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This three-axis stabilized satellite was designed as a test vehicle to carry communications-related equipment. The purpose of its launch into an equatorial, earth-synchronous orbit was -- (1) to demonstrate new technology, (2) to conduct communications technological experiments, and (3) to develop new communications methodology in conjunction with ground-based components. The spacecraft was a short (1.17-m) right cylinder (1.8-m diameter) with two parallel (1.72-m apart) plane surfaces symmetrically truncating the curved surface. These plane surfaces were also parallel to the cylinder axis. Relatively long, narrow (1.3- by 6.5-m) solar arrays were extendable from mechanisms mounted on the parallel plane sides. A more complete description may be found in the 'NASA-GSFC Mission Operation Plan, section 1,' and in the Mission Operation Report.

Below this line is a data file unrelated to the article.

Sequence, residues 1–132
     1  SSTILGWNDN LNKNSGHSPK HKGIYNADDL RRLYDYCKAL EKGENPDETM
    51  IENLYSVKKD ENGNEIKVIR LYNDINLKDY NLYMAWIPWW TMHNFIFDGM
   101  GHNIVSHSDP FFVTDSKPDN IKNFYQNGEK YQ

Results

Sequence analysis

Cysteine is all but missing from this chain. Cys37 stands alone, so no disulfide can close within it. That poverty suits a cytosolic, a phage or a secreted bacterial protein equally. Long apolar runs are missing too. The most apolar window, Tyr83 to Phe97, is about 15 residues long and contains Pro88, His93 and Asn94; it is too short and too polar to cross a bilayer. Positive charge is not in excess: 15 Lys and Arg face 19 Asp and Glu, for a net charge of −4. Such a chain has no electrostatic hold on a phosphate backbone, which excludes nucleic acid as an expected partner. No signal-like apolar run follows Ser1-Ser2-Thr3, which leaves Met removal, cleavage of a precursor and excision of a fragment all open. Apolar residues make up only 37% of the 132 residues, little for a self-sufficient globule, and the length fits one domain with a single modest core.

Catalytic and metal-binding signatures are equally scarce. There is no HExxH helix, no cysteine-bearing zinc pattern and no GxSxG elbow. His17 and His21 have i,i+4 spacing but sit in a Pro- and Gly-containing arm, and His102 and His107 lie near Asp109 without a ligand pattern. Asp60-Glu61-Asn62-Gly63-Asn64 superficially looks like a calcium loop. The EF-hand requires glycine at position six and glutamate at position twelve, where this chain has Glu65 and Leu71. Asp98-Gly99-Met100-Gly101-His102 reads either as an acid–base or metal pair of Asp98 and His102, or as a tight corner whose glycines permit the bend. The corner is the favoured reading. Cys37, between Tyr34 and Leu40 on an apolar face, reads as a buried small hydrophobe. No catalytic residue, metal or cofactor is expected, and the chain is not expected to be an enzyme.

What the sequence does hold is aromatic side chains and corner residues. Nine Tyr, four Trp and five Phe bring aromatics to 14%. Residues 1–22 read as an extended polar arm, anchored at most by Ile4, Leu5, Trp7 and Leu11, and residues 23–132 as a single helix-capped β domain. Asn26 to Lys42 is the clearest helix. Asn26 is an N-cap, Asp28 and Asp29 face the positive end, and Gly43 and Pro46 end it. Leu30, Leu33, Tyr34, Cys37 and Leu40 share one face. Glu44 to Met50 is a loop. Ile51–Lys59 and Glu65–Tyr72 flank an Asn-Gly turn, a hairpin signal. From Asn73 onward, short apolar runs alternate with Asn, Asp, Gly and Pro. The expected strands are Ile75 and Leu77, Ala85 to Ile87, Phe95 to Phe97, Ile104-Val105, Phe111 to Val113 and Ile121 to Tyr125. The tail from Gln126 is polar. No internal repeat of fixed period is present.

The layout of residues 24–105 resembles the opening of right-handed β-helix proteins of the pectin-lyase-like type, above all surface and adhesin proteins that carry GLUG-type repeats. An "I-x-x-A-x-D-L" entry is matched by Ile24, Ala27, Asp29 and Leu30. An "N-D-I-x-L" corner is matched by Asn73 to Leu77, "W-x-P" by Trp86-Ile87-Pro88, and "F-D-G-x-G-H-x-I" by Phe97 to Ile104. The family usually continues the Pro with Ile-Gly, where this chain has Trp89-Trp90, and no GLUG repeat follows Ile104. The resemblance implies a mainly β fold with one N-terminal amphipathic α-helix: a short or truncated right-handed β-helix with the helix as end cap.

Alternate Names

  • 08585
  • CAS-C
  • CTS
  • Communications Technology Satellite
  • Cooperative Application Satellite

Facts in Brief

Launch Date: 1976-01-17
Launch Vehicle: Delta
Launch Site: Cape Canaveral, United States
Mass: 680 kg

Funding Agencies

  • NASA-Office of Space and Terrestrial Applications (United States)
  • Communications Research Centre, Canada (Canada)


  • Communications
  • Engineering

Additional Information

Questions and comments about this spacecraft can be directed to: Coordinated Request and User Support Office



NameRoleOriginal AffiliationE-mail
Dr. Wasyl M. Lew, Jr.Program ManagerNASA Headquarters
Dr. J. N. BarryProject ManagerDepartment of Communications/Communications Research Centre
Dr. Irvine PaghisProgram ManagerDepartment of Communications/Communications Research Centre
Dr. A. S. BrownProject ScientistDepartment of Communications/Communications Research Centre
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